As the season has come to a close, there is discussion over who has been the “most valuable” player on the roster. Arron Afflalo, Nikola Vucevic and Victor Oladipo are likely the three players that come to mind. Jacque Vaughn will not name one — as you would expect — when he was asked about this past weekend:
“I’m not sure if you can,” Vaughn said when asked if Vucevic was the team’s most indispensable player. “I think for our team where we are , everybody is needed. I will never put it on his hands as far as our success is concerned. At the same time that we had different times out over the course of the year, we need everybody.”
That is the truth considering the Magic have the third worst record in the league and a growing, burgeoning roster with players short on experience. The margin for error is often pretty small and depth is at a premium with players still trying to figure out who they are. These are typical themes we have talked about all season.
What we can add now, thanks to ESPN trotting out its new player impact metric Real +/-, is a number to show who has made the most impact to team success with the Magic. This statistic tries to take account for the advantages and disadvantages of playing with certain players, against certain lineups from the opponent and the effects of each possession. It is hardly a perfect metric — and has some flaws in its creation as Kyle Wagner of Regressing explains.
What can be interesting about this number is that it can tell us who impacts his team most particularly as it goes to his teammates. For example, Nick Collison has the sixth best RPM in the league whereas Kendrick Perkins is DEAD LAST. Collison pretty much replaces Perkins in the starting lineup so it is clear to see why there is such a dramatic change with Collison in the game as opposed to Perkins.
So what does this tell us about the Magic?
The first thing it tells us is that Jameer Nelson is still valuable to the Magic (in the present) especially on the offensive end. He leads the team in RPG at +0.71. That is 126th best in the NBA. Obviously the Magic, being a losing team, are not going to have a very high +/- simply because wins are so rare. So take those numbers with a grain of salt.
Take a look at the full table from ESPN.com of Magic players:
Looking deeper into these numbers some interesting trends develop.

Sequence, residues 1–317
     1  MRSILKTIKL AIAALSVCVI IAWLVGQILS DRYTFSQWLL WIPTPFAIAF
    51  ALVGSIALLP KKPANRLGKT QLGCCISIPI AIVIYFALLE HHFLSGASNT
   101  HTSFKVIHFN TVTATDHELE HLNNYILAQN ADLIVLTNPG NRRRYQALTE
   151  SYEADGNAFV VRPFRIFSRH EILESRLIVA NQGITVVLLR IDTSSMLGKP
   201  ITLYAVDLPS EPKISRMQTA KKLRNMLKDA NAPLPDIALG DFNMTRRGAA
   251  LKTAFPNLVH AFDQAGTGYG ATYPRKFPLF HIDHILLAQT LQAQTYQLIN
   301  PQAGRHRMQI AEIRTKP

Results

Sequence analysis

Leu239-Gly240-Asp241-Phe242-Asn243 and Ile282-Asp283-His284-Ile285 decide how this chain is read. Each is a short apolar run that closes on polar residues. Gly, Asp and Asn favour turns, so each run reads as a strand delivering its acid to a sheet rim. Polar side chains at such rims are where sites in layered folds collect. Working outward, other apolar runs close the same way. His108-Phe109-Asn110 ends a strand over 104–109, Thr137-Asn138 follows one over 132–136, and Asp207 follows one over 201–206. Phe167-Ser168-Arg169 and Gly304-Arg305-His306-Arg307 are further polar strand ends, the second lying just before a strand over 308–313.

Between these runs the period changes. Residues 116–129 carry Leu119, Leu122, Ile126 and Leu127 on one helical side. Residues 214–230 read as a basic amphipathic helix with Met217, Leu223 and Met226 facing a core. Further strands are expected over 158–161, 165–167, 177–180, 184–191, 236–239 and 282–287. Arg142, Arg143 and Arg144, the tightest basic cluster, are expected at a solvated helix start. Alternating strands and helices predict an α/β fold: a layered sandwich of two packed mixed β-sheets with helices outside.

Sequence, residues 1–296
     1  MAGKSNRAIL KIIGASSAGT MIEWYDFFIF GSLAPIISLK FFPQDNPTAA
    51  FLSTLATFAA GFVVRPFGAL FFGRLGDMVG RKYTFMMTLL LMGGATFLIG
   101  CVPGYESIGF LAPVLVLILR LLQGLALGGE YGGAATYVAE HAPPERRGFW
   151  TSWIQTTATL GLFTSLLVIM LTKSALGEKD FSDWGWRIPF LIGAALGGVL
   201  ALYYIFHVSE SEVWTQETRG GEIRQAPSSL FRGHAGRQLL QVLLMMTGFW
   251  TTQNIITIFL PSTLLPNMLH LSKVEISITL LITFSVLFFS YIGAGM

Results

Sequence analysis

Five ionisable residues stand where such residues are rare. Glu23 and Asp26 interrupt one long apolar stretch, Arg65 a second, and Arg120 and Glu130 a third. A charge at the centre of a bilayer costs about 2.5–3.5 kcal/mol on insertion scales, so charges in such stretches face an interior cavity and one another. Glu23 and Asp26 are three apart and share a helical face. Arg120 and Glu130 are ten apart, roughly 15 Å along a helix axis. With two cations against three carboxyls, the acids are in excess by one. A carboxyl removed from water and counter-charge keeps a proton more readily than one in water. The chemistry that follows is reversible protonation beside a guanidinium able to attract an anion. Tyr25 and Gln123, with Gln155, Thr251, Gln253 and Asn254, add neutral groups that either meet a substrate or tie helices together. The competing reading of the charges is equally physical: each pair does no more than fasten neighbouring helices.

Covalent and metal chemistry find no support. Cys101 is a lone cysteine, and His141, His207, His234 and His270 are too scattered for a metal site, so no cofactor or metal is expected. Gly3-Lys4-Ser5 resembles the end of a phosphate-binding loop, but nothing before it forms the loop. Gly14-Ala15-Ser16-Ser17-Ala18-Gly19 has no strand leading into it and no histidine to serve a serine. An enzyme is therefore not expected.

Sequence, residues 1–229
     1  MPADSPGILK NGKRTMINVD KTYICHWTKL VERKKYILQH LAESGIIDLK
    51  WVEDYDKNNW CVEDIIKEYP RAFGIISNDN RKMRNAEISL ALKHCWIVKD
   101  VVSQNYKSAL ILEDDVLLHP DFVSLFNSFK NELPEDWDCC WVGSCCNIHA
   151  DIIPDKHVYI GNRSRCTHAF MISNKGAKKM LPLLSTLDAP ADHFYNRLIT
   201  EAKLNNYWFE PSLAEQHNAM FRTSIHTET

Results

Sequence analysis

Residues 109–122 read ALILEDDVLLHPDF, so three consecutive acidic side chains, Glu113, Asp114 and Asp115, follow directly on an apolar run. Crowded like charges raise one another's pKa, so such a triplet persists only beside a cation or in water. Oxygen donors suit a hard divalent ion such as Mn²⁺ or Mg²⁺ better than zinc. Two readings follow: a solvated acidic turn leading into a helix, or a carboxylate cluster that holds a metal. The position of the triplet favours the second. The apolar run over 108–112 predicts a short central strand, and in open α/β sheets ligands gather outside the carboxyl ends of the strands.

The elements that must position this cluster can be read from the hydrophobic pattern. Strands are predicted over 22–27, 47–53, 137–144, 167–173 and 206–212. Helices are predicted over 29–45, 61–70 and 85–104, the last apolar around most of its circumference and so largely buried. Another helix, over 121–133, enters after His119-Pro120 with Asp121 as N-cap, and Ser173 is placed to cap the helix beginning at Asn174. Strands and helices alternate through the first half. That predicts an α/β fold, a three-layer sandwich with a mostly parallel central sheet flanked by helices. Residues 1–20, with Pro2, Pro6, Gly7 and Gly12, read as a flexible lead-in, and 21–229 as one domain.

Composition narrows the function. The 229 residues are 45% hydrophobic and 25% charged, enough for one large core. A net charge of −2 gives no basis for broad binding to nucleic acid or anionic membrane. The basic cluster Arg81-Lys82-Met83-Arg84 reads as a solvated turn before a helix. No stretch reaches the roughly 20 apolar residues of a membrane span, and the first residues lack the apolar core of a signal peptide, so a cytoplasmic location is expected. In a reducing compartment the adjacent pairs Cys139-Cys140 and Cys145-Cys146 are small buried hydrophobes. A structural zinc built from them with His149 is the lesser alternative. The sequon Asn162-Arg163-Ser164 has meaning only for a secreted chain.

First, Real +/- is not tied to wins above replacement (WAR), which is a measure of how many wins a player would statistically contribute to a team above a replacement level, or average player. That tends to fluctuate widely. Nelson still has the most WAR on the team, but Victor Oladipo and Tobias Harris seem to have worse Real +/- yet better WAR.
The next thing is how poor Arron Afflalo rates in this category. Some of this might be attributable to playing against the best lineups and players the opponent has to offer. His defensive aptitude has been tested in recent years. He has a reputation as a defensive player and that has carried him through most of his career. The perception and the numbers do not seem to match.
And despite Afflalo’s near All-Star turn, these numbers seem to suggest that Afflalo is a below-average player. Certainly below replacement level. That is a scary proposition.
This is not entirely Arron’s fault. Afflalo is playing a role he is not really suited for. He is better off as a third or fourth option or sixth man on a good team rather than the top player on a bad team. He is getting his numbers, but clearly would be more effective being used another way.
Nikola Vucevic’s impact on defense should be noted too. Of the Magic’s regular players listed in the table above, Vucevic has the top defensive Real +/- on the team. Vucevic’s defense has improved this year. But it is hard to say he is the best defender on the team right now. He certainly is getting there and the team is better defensively when he is on the floor. That is what this stat shows.
This is an interesting new metric. As Wagner explains, it seems to be debate ammunition more than anything. But, as we can see, it does tell us some things about the Magic’s roster and how players are fitting together.
These stats do not really define players, they just add information to support observations on the court.